“You’re not going to be graded on the language, I don’t care if you comment in emoticons or Harry Potter rebus, Mugglespeak or whatever, just offer some evidence of engagement,” says Cicero Lookins, the fictional “triple token” (“gay, black, and overweight”) of rural Maine’s Baginstock College, a Comp Lit professor doling out guidelines as to how his students ought to write in his seminar, “Disgust and Proximity.” “Put your fingerprints on the thing,” he commands them, demanding substance over style, politics over poetry—engagement.
In his latest novel, Jonathan Lethem—like Cicero—seems less interested in form than in content. Dissident Gardens (Doubleday, 384 pages, $27.95) spans decades, tracks a handful of protagonists, and stands as Mr. Lethem’s most substantive attempt at social realism. Gone here are the Philip K. Dickian fantastical elements and formal experimentations of his earlier novels’ softcore sci-fi. For his debut as a more straightforward realist, Mr. Lethem—still one of our “young writers,” having turned 49 in February—has chosen an appropriately mature theme: ideas, or more accurately, ideology itself.
Jonathan Lethem, author of Motherless Brooklyn and a newly published essay collection, The Ecstasy of Influence, granted an interview with Bloomberg News. Asked to comment on his native borough from his new home in sunny California, Mr. Lethem gave the following response:
It’s been made blander, a little more accessible and it’s taken over the world.
Occupy The People's Library
“They’re the precursor of this kind of synthesis of extrainstitutional intellectualism, native to the Internet, native to the city dweller,” said the author of Chronic City, referring to a group of hyper-literate N+1 types running The New Inquiry in an article for The New York Times. Oy.
Under a makeshift metal-and-bamboo arch at Zuccotti Park this week, The Transom spotted a sign proclaiming “The People’s Library” tacked onto a bulletin board below a table fashioned from plastic book bins. Written in sloppy, black Sharpie another pushpin note read: “Jonathan Lethem 11/7 3:30.”
If Jonathan Lethem had gotten his way, his new book, The Ecstasy of Influence (Doubleday, 464 pages, $27.95), would be subtitled “Advertisements for Norman Mailer.” Both titles are borrowed from other writers: The Ecstasy of Influence is a play on literary critic Harold Bloom’s The Anxiety of Influence, while the subtitle is lifted from Norman Mailer’s Advertisements for Myself. Mr. Lethem’s editor nixed the Mailer-inspired subtitle in favor of “Nonfictions, etc.,” which is more straightforward, but perhaps not as descriptive of this bursting-at-the-seams collection of essays, profiles, reviews, fictions and juvenilia. As its title suggests, the book explores Mr. Lethem’s many influences, literary and otherwise, but it does so in such a free-wheeling, frank and boisterous fashion that a nod to Mailer seems appropriate. At the very least, the collaged aspect of having one riffed-upon title jammed up against another would have hinted at the cut-and-paste extravaganza inside.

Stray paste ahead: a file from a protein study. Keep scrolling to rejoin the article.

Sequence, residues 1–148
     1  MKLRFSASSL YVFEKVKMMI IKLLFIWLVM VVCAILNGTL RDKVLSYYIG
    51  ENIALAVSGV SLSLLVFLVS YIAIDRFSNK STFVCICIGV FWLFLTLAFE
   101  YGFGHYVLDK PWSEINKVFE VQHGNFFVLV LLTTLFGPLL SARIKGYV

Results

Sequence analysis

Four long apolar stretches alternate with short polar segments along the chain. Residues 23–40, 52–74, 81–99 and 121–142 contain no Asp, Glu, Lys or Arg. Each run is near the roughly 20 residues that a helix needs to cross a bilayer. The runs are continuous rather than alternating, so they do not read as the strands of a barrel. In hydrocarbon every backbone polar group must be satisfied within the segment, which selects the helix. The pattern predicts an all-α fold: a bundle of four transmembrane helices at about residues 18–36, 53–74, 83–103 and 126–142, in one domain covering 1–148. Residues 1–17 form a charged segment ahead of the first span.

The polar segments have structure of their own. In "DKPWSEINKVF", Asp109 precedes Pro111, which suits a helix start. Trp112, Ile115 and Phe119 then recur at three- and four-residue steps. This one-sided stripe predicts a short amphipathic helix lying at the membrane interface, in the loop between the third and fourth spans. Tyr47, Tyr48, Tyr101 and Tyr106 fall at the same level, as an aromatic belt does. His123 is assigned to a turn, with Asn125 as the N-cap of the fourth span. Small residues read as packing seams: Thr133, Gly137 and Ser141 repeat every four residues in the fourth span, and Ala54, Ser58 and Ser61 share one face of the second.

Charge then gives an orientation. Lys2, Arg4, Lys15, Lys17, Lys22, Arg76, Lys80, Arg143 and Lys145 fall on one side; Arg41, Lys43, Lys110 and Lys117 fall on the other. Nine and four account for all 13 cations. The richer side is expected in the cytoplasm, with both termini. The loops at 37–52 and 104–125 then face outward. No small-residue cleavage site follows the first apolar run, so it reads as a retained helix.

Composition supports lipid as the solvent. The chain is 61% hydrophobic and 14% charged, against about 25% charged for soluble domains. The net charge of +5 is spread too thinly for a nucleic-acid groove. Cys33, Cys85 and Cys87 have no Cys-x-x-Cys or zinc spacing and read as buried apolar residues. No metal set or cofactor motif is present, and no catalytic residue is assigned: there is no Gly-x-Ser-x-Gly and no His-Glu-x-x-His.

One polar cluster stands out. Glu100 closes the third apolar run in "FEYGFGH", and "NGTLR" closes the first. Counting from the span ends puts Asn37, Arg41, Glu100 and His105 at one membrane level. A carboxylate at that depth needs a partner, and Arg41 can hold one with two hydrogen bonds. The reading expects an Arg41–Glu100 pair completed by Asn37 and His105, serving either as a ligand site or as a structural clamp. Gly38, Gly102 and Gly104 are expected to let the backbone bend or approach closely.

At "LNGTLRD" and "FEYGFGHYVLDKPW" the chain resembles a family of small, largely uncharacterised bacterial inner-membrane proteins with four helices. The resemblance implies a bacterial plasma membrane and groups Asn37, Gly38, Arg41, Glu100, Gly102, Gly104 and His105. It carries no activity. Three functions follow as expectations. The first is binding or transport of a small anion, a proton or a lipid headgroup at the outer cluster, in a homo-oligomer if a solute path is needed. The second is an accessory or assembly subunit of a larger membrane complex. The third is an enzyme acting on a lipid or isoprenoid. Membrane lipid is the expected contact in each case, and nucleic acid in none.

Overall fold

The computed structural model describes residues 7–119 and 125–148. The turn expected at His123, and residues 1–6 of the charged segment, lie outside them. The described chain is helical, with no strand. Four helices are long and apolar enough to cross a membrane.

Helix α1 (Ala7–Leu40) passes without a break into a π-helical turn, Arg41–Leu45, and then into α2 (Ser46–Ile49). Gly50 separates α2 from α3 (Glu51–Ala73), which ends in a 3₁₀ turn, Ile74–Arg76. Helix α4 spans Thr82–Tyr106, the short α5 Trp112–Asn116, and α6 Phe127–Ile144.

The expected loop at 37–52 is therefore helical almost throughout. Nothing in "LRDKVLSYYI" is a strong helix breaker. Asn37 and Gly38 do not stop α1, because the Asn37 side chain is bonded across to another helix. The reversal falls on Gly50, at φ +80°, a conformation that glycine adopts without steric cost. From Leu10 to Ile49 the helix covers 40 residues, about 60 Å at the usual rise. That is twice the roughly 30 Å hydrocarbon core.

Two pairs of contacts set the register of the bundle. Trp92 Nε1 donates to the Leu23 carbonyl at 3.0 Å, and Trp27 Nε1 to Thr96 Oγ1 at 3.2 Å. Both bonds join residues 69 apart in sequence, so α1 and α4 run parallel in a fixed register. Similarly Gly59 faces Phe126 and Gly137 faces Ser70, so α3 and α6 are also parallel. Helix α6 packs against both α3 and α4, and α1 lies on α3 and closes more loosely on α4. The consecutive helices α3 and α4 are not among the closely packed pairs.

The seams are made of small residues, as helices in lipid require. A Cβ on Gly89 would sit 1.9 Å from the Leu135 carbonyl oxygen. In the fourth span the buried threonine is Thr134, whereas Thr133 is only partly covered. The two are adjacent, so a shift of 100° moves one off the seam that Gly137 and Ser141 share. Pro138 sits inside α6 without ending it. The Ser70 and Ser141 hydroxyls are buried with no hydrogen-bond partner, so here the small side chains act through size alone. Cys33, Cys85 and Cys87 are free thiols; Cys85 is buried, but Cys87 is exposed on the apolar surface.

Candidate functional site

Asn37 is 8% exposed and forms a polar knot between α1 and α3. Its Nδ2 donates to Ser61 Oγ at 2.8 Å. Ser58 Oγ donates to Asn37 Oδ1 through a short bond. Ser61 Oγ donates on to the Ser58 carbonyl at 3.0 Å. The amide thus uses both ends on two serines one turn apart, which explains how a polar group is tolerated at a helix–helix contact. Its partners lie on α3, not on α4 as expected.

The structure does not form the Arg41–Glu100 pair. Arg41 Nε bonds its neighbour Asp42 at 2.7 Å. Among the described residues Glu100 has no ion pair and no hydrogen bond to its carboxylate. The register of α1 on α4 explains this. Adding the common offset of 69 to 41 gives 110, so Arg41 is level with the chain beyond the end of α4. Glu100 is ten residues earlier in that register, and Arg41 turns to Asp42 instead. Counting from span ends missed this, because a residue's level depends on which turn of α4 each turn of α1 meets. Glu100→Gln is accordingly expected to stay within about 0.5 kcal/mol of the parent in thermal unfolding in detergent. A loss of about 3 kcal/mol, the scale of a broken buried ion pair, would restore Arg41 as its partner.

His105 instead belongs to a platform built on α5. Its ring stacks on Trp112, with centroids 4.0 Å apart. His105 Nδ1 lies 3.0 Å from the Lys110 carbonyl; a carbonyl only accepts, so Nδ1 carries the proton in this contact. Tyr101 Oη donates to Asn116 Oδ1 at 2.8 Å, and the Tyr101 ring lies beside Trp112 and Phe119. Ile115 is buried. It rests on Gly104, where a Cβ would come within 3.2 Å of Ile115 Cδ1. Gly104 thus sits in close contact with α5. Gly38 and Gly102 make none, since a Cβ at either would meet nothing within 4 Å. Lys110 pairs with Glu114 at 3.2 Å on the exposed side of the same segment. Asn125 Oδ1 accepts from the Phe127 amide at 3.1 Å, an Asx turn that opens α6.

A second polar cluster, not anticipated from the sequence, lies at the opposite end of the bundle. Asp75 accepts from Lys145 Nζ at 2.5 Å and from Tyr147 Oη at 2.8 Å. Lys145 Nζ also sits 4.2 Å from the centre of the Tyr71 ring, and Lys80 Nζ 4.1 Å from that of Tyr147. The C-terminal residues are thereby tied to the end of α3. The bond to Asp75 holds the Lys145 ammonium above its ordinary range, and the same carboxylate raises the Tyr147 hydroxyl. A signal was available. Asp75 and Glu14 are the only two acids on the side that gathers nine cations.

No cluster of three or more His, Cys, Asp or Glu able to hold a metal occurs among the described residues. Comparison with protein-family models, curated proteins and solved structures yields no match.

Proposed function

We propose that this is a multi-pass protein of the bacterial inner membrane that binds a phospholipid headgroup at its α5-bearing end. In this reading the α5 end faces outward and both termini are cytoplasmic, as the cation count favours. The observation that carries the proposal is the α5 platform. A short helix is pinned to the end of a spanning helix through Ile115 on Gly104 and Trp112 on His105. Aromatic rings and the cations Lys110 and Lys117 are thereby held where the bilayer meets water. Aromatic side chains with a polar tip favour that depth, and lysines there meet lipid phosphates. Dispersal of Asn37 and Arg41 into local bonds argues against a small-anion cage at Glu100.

Can a work of art be described as a religious experience at a time when, if not dead, God has at the very least ceded sole proprietorship over that sprawling diocese of human language that for centuries was used to necessarily invoke him?
Painted between 1971 and 1974, the three panels of Simon Dinnerstein’s The Read More
Jonathan Lethem has shipped off to the West Coast but New York magazine recently caught up with the author and pried from his brain this juicy bit of gossip: A musical based on his novel The Fortress of Solitude, with music by Bloody Bloody Andrew Jackson’s Michael Friedman, has a “hot chance” Read More
A helpful Jonathan Lethem—acting “less like the author himself than the man auditioning to be Jonathan Lethem’s literary executor”—took The Guardian‘s Gaby Wood on a jaunt through Brooklyn, which she chronicled in this Sunday’s paper.
Naturally, gentrification (”’a Nixon word,’ as his parents saw it”) is the theme du jour. But in Read More
If the eerie aerial photograph of Manhattan that graces the cover of Jonathan Lethem’s new novel Chronic City reminds you of something when Doubleday publishes it this October, do not second-guess yourself. It is indeed the same shot that was used on the cover of the first issue of Condé Nast’s Portfolio when that magazine—now Read More
Fall is coming.
In publishing, this signals the start of a season that many believe has the best chance of any in recent memory to redeem the industry after one of its darkest years, and to show that, even in 2009, big, beautiful hit books are still possible.
Many publishers are saying their fall catalogs Read More